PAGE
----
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Three Reflections on Cultivating my Spiritual Mindset
Against being entertained and amused to death
My faithful brother in Christ (and cousin in law), Marshall Segal, teacher, writer, and editor at Desiring God, and member of Cities Church in Minneapolis, wrote a sobering meditation on how entertainment deprives the soul. I encourage you to read it or listen to it.
Here are 3 reflections on this article.
First, I’m alarmed at how much technology in general, and the mobility of my laptop and smart phone in particular, are shaping my soul and depriving levels of depth. I want to know and enjoy and embody Jesus. I want to go deeper in that knowledge, joy, and experience in and with him. This means I need to consider afresh and pay attention to how I use this mobile technology to occupy my mind.
Secondly, Marshall effectively communicates the importance and foundational nature words are to the Christian life because of the word inscripturate and the word incarnate:
Should we spend much time worrying about how much we watch and how little we read?
Yes, because the fullest Christian life is firmly anchored in words and sentences and paragraphs. When God revealed himself to his chosen people, of all the infinite ways he could have done so, he chose to unveil himself with words. “Long ago, at many times and in many ways, God spoke to our fathers by the prophets, but in these last days he has spoken to us by his Son” (Hebrews 1:1–2). God didn’t build a gallery or start a YouTube channel, he wrote a Book (2 Timothy 3:16). “In the beginning was the Word. . . . And the Word became flesh and dwelt among us, and we have seen his glory, glory as of the only Son from the Father, full of grace and truth” (John 1:1, 14). From the beginning, God has put the Word, his Son, at the center of reality, and, in doing so, he has given words unusual power and importance in anticipating, explaining, and celebrating him.
I’m struck not only by the importance of reading God’s words for life change and transformation, but by the importance of the church. Surely the Bible precedes and animates the church in the Spirit’s power. But Christians do not grow by reading but more precisely by meditating on God’s words. Reading is certainly a way to do it. But faith also comes by hearing, and this hearing is often through the voice of another person (Romans 10:14-17). Furthermore, the Word became flesh. Today, Christ is communicated both infallibly in the Scripture and experientially in his body, the church. The church knows, enjoys, and obeys Jesus so that they explain, enjoy, and embody Jesus faithfully to one another, their neighbors, and the nations. This is not a contradiction of Segal’s comments but an extension of them from the Bible to the church to the reader/hearer.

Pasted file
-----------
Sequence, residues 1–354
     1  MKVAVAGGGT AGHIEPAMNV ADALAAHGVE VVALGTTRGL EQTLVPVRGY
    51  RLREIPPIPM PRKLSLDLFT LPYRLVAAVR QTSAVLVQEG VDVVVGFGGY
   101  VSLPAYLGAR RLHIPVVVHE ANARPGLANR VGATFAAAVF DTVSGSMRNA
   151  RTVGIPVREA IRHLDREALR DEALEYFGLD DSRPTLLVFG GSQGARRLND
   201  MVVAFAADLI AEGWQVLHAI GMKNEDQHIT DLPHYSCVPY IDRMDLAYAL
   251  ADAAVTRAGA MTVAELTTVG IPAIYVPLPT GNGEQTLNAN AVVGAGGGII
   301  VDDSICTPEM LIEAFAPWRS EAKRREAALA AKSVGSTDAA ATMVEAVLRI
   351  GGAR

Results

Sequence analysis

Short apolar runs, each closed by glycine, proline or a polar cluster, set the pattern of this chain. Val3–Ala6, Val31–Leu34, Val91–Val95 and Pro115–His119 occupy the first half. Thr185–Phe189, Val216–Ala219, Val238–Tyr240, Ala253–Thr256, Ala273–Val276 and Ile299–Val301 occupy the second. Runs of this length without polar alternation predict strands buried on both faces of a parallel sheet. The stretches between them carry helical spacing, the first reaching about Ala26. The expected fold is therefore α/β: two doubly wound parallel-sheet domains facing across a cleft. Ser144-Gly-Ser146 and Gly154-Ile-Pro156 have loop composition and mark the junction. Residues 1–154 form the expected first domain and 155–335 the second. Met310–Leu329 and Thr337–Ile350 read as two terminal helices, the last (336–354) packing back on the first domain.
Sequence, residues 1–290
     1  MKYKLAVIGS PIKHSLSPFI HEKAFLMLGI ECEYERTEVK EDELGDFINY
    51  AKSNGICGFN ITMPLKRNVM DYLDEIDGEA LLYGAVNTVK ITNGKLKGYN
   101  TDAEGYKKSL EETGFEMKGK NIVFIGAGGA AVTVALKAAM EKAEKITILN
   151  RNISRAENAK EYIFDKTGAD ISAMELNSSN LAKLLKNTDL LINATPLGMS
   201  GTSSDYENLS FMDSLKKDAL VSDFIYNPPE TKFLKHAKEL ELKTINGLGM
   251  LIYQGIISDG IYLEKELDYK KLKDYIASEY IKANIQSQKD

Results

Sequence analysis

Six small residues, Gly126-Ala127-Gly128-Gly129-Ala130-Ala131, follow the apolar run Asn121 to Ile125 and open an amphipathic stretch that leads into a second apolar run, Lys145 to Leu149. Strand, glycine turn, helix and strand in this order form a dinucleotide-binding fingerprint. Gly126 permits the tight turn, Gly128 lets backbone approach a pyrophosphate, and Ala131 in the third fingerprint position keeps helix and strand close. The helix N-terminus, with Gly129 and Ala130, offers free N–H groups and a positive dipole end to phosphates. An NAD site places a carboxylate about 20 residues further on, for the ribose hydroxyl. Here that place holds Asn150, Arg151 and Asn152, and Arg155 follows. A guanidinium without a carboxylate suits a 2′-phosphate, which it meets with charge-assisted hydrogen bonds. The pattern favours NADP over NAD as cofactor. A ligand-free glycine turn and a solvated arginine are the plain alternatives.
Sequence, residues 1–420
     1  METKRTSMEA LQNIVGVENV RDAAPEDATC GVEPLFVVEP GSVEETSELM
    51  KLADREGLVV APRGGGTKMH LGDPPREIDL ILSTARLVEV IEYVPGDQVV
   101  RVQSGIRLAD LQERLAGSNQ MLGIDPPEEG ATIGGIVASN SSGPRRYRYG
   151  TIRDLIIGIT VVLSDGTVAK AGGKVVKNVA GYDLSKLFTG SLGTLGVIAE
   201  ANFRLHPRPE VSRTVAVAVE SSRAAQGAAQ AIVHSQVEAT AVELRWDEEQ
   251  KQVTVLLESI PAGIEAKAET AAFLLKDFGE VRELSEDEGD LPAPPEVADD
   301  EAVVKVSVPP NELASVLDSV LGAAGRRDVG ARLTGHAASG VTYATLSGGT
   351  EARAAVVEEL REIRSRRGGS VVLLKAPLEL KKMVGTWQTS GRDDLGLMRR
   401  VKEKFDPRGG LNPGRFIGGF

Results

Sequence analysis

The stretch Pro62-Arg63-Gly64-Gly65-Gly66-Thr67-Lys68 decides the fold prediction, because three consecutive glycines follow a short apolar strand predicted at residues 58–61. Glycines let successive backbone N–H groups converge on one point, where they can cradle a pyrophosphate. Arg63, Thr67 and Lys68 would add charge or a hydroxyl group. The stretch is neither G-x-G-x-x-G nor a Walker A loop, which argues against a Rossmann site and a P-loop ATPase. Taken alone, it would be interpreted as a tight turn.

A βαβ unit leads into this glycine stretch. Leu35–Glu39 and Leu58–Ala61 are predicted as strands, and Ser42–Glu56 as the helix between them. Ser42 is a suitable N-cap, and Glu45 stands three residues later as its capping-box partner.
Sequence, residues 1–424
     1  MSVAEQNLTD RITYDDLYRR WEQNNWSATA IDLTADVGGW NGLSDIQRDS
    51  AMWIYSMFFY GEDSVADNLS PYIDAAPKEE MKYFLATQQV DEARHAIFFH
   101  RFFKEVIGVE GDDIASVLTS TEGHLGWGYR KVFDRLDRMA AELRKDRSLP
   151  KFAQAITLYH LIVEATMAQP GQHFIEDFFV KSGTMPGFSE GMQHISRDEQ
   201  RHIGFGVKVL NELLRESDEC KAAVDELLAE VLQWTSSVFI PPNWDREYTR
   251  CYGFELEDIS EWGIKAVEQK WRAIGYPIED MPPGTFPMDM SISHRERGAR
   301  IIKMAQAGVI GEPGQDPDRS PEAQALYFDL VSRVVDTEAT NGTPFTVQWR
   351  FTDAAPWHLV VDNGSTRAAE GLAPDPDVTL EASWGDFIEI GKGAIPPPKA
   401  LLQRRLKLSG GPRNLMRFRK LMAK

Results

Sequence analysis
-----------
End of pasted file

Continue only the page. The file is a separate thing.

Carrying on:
Thirdly, Marshall gets at my second point and also spurred me onto action. He asks us to examine our entertainment habits and consider our ways to cultivate a spiritual mindset.
What, if any, of your entertainment habits need to be curbed or redirected for the sake of your soul? What are ways you are seeking to cultivate the spiritual gift of your mind — slower Bible study or memorization, reading substantive books, meaningful conversation with friends, more time in unhurried reflection and meditation?
Notice Marshall mentions meaningful conversation with friends as a means of cultivating the spiritual gift of the mind. That’s what church’s do. They are friends who converse and share life and share Jesus such that the way I think changes. Just yesterday and today I was strengthened and shifted by my kids, three convos with different pastors, a call with the Crete Collective community, a meal with a fellow member, a conversation with my secretary, one of my fellow pastors teaching us about the work of Christ for 11am Bible study, a discussion on ecclesiology with my pastoral interns, dinner with family and a few church families, Wednesday evening Bible study, and a conversation with a sister from the church about following Christ at work. In these conversations there has been ample opportunity to think, consider God and Scripture and Christ, and pray on my own and with others. Praise God!
The action Segal spurred me to was to write this reflection. Tonight I’ve been burdened to write something in an effort to write daily (after being exhorted once again by Seth Godin). Here’s my first day effort and I pray I continue to write and cultivate the spiritual gift of my mind.